by Marko Domazet

How does one even begin to put together a film about a man as talked about as George W Bush? And what should be the main focus? The war? W’s ability to get his way despite an obvious lack of common sense? The pretzel incident?

Press conferences, cabinet meetings and hangovers moments overlap each other as Oliver Stone maps out the development of Bush in his latest flick W. The ambitious subject matter as well as the names associated with it certainly drummed up a lot of attention, but does is all stick? Well, Loose Lips were fortunate enough to attend the press conference and hear what those involved in the project had to say about it.

First up, Olive Stone is surprisingly foxy (and energetic as he allegedly spent his weekend in London trying to snag Kate Moss!) Secondly, he comes across as very charming. Finally, and most importantly, he had an interesting take on the film and provided answers that added another dimension to a seemingly straightforward flick.

According to Stone, he always wanted W to be more of a character study outlining a man’s struggle whilst trying to find himself, as opposed to a film whose main purpose is to run through a series of factual events. Stone sees W’s life as a three act play, where the first act looks into the recklessness and the rebellion of a man (i.e. Bush running around college and doing all sorts of trouble). The second act takes us through the moderation of a man (i.e. W finds love, God and somebody to love) and finally, the third act looks at Bush’s rising; him becoming a man with a newfound confidence; a man of war.

When looking for his W, Stone thought James Brolin to be the ultimate choice. Brolin’s Western aura juxtaposed with his cowboy upbringing and the fact that he’s his own man (or should that be trouble maker?) were all qualities Stone considered essential components of W’s character. Brolin himself was admittedly confused about being put forward and thought that the most terrifying aspect of the whole thing was having to play a man from his 20’s through to his 40’s. Despite any initial reservation, it would appear that Brolin overcame his fears as he does a very good job indeed. He manages to build a well rounded character and strays away from obviously cheap comedic tricks one normally associates with Bush. Instead, he portrays a lost man who’s trying to land on his feet; a man totally unaware of the fact that he’s struggling against himself; a man out of touch with everything apart from a desire to have his way.

The role of the First Lady is played by Elizabeth Banks; a relative newcomer brought to Stone’s attention after her comedic stint in The 40 Year Old Virgin. I personally felt that Banks held her own very well and managed to build a believable Laura Bush. She looked beyond the smiling (but inaccessible) persona we see on the TV screens and portrayed the First Lady as warm and loving woman who chooses to stand behind her man.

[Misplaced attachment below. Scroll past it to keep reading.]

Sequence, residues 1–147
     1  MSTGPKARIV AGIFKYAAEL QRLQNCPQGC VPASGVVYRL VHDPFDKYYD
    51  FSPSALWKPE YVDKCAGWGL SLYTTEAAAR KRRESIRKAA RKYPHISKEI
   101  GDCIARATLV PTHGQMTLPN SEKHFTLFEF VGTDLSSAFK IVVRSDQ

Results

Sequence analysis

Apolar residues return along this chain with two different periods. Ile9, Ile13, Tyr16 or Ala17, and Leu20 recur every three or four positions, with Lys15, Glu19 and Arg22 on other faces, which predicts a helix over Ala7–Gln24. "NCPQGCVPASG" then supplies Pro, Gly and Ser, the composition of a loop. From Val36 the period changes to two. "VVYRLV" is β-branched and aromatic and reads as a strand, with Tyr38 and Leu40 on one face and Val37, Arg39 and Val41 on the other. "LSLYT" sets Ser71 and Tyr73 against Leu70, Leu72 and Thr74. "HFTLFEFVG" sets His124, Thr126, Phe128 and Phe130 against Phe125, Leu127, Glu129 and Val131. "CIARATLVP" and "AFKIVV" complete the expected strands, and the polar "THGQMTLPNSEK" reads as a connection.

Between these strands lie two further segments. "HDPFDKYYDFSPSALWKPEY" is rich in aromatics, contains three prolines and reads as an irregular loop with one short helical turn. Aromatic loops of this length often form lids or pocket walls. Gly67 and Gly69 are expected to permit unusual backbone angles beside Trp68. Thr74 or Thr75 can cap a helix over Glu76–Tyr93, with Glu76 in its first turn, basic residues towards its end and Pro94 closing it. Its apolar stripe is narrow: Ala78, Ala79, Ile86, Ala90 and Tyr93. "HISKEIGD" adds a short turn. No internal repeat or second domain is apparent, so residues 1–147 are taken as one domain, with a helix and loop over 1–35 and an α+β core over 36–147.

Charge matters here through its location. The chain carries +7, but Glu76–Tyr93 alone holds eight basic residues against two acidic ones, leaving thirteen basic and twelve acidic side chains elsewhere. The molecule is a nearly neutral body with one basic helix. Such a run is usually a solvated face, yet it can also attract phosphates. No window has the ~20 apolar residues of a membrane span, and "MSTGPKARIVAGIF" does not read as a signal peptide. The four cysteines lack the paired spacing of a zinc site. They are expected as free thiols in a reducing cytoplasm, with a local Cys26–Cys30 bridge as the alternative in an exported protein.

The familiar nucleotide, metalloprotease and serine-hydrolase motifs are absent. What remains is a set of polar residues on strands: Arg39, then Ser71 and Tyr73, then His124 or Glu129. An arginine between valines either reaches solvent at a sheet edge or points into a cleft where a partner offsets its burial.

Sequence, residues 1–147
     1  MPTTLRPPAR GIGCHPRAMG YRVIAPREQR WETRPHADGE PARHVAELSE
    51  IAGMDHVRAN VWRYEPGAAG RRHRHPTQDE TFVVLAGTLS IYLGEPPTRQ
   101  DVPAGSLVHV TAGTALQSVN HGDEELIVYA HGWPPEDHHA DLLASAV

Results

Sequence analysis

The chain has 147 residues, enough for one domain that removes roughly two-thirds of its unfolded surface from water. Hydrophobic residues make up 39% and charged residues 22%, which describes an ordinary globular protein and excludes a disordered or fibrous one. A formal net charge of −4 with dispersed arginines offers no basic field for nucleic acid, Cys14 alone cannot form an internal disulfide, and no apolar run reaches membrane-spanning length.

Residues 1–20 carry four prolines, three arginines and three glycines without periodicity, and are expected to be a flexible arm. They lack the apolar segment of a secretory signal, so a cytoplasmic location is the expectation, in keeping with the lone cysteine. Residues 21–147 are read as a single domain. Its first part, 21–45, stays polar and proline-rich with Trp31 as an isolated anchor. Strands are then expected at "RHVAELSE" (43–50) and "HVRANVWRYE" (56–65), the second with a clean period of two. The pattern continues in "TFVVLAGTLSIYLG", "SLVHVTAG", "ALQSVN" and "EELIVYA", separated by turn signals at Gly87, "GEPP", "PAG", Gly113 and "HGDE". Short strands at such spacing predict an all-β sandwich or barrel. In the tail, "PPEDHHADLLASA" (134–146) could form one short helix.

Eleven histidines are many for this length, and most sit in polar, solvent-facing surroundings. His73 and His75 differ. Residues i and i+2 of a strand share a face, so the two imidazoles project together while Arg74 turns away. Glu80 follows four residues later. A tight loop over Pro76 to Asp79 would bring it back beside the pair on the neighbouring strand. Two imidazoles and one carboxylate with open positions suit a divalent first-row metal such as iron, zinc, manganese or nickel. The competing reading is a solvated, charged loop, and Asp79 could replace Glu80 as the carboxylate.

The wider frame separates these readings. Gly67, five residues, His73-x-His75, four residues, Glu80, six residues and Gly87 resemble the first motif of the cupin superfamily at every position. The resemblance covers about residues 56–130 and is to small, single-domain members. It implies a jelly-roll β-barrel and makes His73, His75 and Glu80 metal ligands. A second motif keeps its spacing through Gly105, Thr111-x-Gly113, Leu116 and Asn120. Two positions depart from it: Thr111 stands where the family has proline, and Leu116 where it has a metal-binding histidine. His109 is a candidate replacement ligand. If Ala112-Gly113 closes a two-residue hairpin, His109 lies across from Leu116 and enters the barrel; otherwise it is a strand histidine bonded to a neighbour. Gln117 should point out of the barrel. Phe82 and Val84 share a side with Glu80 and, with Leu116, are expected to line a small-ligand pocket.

So, the stellar leads aside, how do we feel about this film? Well, although enjoyable at times, I have to admit that I didn’t understand whether I was watching a drama, a biopic or an episode of Saturday Night Live (yes, Thandie I’m referring to your shakey acting as Condie). Admittedly, when it comes to W there is an element of comedy that can’t be overlooked. As Josh Brolin puts it, you do want it to be there, but you can’t build two hours around it. You have to find the human aspect of it; the human aspect of everything. Yes, I for one couldn’t agree more, but I’m still puzzled as to whether the film actually had an element of humanity/reality/believability running through it?

Sure, the leads and some of the supporting cast (most notably Toby Jones, Michael Gaston and Ellen Burstyn in the cutest little wig) did inject a dose of humanity into the proceedings but also interacted with W in a way that helped the audience understand some of his charisma and appeal. Unfortunately (and this was a big one), large chunks of the film feel like an SNL skit (again Thandie girl, lees shaking, more baking). Perhaps the timing of the release is unfortunate as Tina Fey and SNL have stolen most of the current political thunder? Perhaps it’s to do with the casting and Stone choosing actors with a physical resemblance? Perhaps it’s just me not getting it?

There’s no getting away from the fact that W is an incredibly interesting film and Stone serves up a surprisingly sensitive portrayal of a man the whole world seems to know, but too many questions were left unanswered for it to be an amazing one. However, in the words of the director himself, W does does make you think about who Bush is, what he’s doing to the world and where we are heading. It questions the situation we’ve put ourselves in and can one really put more pressure on a film maker?

I say see it, enjoy it, but don’t expect it to be a comprehensive study of W’s life.

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